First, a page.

A Little Girl’s Gripping and Magical Story – 28


A little girl's gripping and magical story. Baykoy series.
Literary Fiction/Epistolary/Drama/Fantasy

A little girl's gripping and magical story. Baykoy series.

Baykoy and The Only Something

This is a gripping and magical tale of a little Filipino girl who goes by an endearing nickname, Baykoy.

The story is narrated through the heart-convulsing letters of a woman to her niece, detailing her extraordinary childhood experiences.

Written by

J.J. Ireneo


The Wicked Woods – Part Two


Part Three

Age: Six years old.

Year: 1985.

— indomitable —


Dear Sage,

“My god!” a young man’s voice blustered.

And…

… gasp!

My jaw dropped upon recognizing his face. I knew it was him. My heart knew it was him. And our good hearts responded to each other right away.

He smiled. “Inday?”

“Reynan!” I yelped.

“My god!” he said, panicking. “What are you doing here? What happened? Are you okay?”

“I fell from the guava tree,” I cried. “I can’t move well. It hurts.”

Magically, the revolting rain began to subside. The thunder had been silenced. The lightning had shied away.

He carefully picked me up. “I’ll take you home.”

He carried me in his arms, and I clasped around him tightly. Kuwago walked along beside us… quietly.

Like he understood something. Having a good friend.

“That’s Kuwago,” I told Reynan.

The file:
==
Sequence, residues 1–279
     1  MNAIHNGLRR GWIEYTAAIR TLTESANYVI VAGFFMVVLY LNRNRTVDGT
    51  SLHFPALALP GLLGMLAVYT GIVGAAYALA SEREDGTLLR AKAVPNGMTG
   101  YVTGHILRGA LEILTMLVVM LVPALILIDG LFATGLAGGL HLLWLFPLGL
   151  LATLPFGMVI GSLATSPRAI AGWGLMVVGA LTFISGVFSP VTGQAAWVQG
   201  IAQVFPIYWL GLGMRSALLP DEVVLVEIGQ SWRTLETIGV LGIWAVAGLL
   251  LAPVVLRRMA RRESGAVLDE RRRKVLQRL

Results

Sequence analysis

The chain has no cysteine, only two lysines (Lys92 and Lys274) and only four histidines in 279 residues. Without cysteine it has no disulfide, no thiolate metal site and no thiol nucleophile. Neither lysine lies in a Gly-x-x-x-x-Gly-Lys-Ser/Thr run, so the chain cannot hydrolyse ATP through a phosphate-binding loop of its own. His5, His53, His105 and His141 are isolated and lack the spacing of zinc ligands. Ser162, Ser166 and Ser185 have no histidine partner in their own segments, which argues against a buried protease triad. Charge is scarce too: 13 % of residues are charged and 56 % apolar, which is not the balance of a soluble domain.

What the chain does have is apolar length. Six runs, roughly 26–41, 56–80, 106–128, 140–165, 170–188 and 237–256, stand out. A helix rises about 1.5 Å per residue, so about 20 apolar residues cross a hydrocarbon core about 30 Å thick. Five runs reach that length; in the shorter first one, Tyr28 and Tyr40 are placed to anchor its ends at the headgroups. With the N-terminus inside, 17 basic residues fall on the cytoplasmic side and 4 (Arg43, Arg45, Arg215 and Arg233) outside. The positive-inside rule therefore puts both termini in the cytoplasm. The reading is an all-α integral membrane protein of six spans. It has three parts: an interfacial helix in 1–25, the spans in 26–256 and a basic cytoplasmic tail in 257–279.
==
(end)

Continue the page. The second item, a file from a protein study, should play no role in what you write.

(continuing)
“He’s a good dog,” he replied.

“There’s two of them,” I said. “Kidlat and Kuwago. Kidlat is away, probably looking for help.”

He laughed. He got it. “I’m glad. Special memory.”

He told me he was on a bird hunt when the nasty weather caught him.

“I thought I’d never see you again,” I said. “I’ve been very sad, you know?”

“I’ve been feeling it,” he replied.

“You have?”

“Yeah. I always wanted to visit you in school, but I thought it wouldn’t be a good idea after all ‘cause it might weird your grandparents out. So I had no choice, but to think of you instead… and just hope that you’d be okay. It was all I could do.”

“Ooh really?”

He giggled. “It’s true.”

Also, magically, I could move my muscles and bones again. “How’s that possible?” I blurted.

“What is?” he asked.

“My bones are fine now.”

“Are you sure?”

“You can put me down, and we’ll see.”

He obeyed, and I shook the pain off. It made him laugh so hard. “You’re funny,” he said.

“Are we far from school?” I asked.

“Quite a bit,” he replied, then felt my forehead. “Inday, you better slurp down bowls of vegetable soup as soon as you get home ‘cause we don’t want you catching anything.”

“I’m not Inday,” I said. “I’m baykoy.”

“I like baykoy a lot better!” he giggled.

We walked on, and I noticed a fancy slingshot hanging down from his back pocket.

He showed it to me. I held it. “This is a beautiful slingshot,” I said.

“So tell me,” he said, “has anyone hurt you? What’s been making you sad?”

I told him about my brother, sitting in a funeral van, Angeline and the kids in school.